Jan 17, 2009
Lynn Cohick, one of the coauthors of The New Testanment in Antiquity, has a interesting post on Paul's Roman's citizenship. Cohicl argues that "it is possible that both his parents had been slaves, taken from the Jewish Homeland during one of its altercations with the Roman military machine. They were granted freedom and Roman citizenship, married, and could then bestow Roman citizenship on their son, Paul. If, however, Paul’s father was a citizen, but his mother was not, then their marriage was not licit, and Paul would have taken his mother’s status. As he was a Roman citizen, it is clear that his mother was a Roman citizen – we can only guess as to whether his father was as well."
You can read the entire post here.
Regular readers of this blog are awware of the fact that I often publish links to books that are reviewed in the Review of Biblical Literature. Those of you who enjoy thoser reviews might be interested to know that RBL now has its own blog which can be accessed here.
Jan 16, 2009
The latest issue of Review of Biblical Literature is out. Reviews that may be of interest from a Bible Exposition perspective include:
James W. Aageson
Paul, the Pastoral Epistles, and the Early Church
Reviewed by David J. Downs
Reinhard Achenbach, Martin Arneth, and Eckart Otto
Tora in der Hebräischen Bibel: Studien zur Redaktionsgeschichte und synchronen Logik diachroner Transformationen
Reviewed by Kent Reynolds
Bruce Chilton, ed.
The Cambridge Companion to the Bible
Reviewed by Douglas Estes
Naomi G. Cohen
Philo's Scriptures: Citations from the Prophets and Writings: Evidence for a Haftarah Cycle in Second Temple Judaism
Reviewed by Torrey Seland
James D. G. Dunn
The New Perspective on Paul
Reviewed by J. R. Daniel Kirk
Paul Rhodes Eddy and Gregory A. Boyd
The Jesus Legend: A Case for the Historical Reliability of the Synoptic Jesus Tradition
Reviewed by Ken Olson
Tryggve N. D. Mettinger
The Eden Narrative: A Literary and Religio-historical Study of Genesis 2-3
Reviewed by Howard N. Wallace
St. Paul's Ephesus: Texts and Archaeology
Reviewed by Jonathan L. Reed
Hate the Evil, Hold Fast to the Good: Structuring Romans 12.1-15.1
Reviewed by Carl N. Toney
Emerson B. Powery, Brian K. Blount, Cain Hope Felder, and Clarice J. Martin, eds.
True to Our Native Land: An African American New Testament Commentary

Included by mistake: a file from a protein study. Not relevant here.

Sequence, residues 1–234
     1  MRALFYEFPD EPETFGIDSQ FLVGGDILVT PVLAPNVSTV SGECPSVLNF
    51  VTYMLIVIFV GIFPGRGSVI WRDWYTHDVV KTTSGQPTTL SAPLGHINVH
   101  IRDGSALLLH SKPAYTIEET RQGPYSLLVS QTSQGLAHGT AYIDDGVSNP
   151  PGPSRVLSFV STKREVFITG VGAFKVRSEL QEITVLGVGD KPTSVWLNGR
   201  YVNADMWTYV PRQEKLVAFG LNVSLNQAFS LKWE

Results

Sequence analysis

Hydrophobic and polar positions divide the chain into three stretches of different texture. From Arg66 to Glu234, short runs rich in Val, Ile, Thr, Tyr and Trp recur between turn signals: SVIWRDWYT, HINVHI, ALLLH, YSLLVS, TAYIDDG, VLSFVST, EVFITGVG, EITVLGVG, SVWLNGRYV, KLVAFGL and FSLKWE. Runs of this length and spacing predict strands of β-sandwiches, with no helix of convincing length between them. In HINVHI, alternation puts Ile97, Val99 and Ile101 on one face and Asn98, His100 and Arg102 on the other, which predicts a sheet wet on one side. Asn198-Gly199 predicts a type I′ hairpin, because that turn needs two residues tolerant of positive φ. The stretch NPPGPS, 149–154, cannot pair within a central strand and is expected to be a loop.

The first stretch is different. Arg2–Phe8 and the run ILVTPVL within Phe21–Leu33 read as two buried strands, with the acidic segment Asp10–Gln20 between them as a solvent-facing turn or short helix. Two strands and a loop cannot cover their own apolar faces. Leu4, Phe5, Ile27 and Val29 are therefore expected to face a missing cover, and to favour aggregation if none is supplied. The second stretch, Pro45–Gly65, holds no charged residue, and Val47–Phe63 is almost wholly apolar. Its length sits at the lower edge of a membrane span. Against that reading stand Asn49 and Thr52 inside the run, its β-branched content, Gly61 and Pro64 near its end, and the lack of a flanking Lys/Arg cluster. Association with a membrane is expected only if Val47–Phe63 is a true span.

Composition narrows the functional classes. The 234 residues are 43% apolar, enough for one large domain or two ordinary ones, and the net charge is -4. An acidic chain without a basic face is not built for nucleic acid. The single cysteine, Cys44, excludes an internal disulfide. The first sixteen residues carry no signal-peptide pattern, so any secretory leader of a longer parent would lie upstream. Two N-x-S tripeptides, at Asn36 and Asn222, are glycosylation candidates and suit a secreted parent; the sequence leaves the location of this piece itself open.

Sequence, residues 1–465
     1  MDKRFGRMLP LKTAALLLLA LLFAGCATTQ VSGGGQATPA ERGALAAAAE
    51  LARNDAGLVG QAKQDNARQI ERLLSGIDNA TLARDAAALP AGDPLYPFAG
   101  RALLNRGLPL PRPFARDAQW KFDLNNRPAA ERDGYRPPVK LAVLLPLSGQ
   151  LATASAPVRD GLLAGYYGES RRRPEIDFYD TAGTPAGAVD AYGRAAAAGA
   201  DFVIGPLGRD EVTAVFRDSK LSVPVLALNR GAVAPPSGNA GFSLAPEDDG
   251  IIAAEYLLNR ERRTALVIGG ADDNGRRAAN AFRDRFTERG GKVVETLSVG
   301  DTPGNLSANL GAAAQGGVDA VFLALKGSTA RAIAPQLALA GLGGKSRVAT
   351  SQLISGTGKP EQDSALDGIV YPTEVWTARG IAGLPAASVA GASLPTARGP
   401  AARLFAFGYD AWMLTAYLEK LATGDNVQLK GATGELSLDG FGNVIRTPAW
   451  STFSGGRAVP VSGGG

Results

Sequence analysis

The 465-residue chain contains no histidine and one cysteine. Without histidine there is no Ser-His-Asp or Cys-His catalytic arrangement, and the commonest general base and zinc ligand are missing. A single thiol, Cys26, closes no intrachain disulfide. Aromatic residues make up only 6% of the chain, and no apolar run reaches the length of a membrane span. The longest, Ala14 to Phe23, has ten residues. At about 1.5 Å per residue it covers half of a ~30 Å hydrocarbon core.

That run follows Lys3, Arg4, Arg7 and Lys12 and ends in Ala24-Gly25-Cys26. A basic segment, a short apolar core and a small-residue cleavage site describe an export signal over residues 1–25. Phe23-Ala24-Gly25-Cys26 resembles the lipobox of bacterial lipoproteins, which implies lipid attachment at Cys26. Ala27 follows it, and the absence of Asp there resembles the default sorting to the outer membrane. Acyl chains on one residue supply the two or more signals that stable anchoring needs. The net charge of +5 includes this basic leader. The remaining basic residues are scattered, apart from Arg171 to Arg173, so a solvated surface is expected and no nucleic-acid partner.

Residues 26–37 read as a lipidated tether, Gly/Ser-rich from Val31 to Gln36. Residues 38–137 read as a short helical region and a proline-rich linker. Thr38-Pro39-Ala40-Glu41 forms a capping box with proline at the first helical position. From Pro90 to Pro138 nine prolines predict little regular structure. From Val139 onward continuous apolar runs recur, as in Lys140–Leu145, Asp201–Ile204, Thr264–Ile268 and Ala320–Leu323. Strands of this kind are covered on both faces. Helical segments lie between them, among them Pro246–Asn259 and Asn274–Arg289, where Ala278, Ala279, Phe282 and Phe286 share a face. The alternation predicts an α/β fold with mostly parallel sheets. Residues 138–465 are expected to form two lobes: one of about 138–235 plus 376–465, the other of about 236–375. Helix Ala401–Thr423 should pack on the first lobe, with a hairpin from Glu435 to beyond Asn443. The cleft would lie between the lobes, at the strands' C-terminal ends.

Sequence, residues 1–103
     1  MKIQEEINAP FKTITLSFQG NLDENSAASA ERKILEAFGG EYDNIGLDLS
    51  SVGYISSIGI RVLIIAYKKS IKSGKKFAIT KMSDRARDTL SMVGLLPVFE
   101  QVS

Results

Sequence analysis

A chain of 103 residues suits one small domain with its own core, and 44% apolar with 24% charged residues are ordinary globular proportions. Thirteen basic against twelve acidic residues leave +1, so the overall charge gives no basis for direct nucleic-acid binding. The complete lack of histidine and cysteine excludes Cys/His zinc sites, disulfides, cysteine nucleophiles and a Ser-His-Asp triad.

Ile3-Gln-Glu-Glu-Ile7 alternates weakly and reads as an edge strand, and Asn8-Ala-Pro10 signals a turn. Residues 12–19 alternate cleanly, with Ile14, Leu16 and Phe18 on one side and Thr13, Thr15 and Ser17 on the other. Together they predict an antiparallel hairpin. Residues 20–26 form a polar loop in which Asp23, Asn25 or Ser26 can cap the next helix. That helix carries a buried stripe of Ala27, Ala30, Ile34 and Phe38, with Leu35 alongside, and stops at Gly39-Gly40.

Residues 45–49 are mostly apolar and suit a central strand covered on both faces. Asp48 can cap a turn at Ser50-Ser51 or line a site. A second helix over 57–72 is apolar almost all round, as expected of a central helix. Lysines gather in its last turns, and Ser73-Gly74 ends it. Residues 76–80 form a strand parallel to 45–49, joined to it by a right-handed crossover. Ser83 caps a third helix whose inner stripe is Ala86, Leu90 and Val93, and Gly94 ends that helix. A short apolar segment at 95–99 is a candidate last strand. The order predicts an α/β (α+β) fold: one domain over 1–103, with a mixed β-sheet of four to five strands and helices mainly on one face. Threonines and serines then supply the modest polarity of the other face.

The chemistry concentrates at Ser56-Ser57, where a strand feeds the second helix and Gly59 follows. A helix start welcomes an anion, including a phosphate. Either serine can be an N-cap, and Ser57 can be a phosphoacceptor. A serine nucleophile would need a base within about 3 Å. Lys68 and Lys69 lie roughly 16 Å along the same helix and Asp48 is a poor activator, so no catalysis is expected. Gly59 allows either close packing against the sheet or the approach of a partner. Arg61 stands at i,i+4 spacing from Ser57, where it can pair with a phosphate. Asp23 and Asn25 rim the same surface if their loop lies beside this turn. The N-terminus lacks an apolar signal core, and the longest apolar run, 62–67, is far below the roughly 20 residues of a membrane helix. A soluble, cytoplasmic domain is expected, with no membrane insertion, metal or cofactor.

Reviewed by Gosnell Yorke
"Nicht vergeblich empfangen"! Eine Untersuchung zum Zweiten Korintherbrief als Beitrag zur Frage nach der paulinischen Einschätzung des Handelns
Reviewed by Günter Röhser
Leonard J. Swidler
Jesus Was a Feminist: What the Gospels Reveal about His Revolutionary Perspective
Reviewed by Eve-Marie Becker
Reviewed by Kathleen E. Corley
Anthony C. Thiselton
Hermeneutics of Doctrine
Reviewed by Dirk J. Smit
Jan 15, 2009
The latest edition of the Church Leaders Intelligence Report makes reference to a recent Harris poll that asked which religious texts are the "Word of God"? According to the poll, "Slender majorities of all adults believe all or most of the Old Testament (55%) and the New Testament (54%) are. Still, only 37% and 36% believe all of these texts are the Word of God. Interestingly, only 26% believe the Torah is the Word of God, even though it is the same as the first five books of the Old Testament."
Jan 14, 2009
I posted on the topic of the old idea that the high priest had a rope tied to his ankle before he went to minister into the temple before (you can access that post here). Although this tradition has been referenced often both in pulpit and print, it appears to be rather late and almost likely apocryphal. See Todd Bolen's good post on the matter here.
Some might be interested in this online Septuagint interlinear that you can access here. Update: This link no longer works and I have not been able to locate another LXX interlinear.
If you want to access a Greek text you can try here or here.
Jan 13, 2009
Several blogs are discussing the article written by Helmut Koester on "New Testament Scholarship through One Hundred Years of Harvard Theological Review." I have not yet had the chance to read the article. In any case, the article is available as a pdf here.
Jan 12, 2009
Peter Beck writes, "I heard it in the Army. I heard it in advertising. I heard it in seminary. That old adage just won’t go away. Those who can, do. Those who can’t, teach." Go here to read why Beck rightly thinks this adage is wrong.
Alan Bandy has posted seven tips for interpreting symbols in the Apocalypse, i.e. the book of Revelation. His seven tips are.
1. Recognize the symbolic imagery associated with the description of people and beings, colors, numbers, institutions, places, and events.
2. Look for interpretations of those symbols within the vision.
3. Determine if the symbol stems from an allusion to the Old Testament.
4. Compare it with other apocalyptic writings to see if it is a common symbol with a relatively standard meaning.
5. Look for any possible connections between the symbol and the cultural-historical
6. Consult scholarly treatments of the symbol in commentaries and other works.7. Remain humble in your conclusions.
For a fuller explanation see the post here.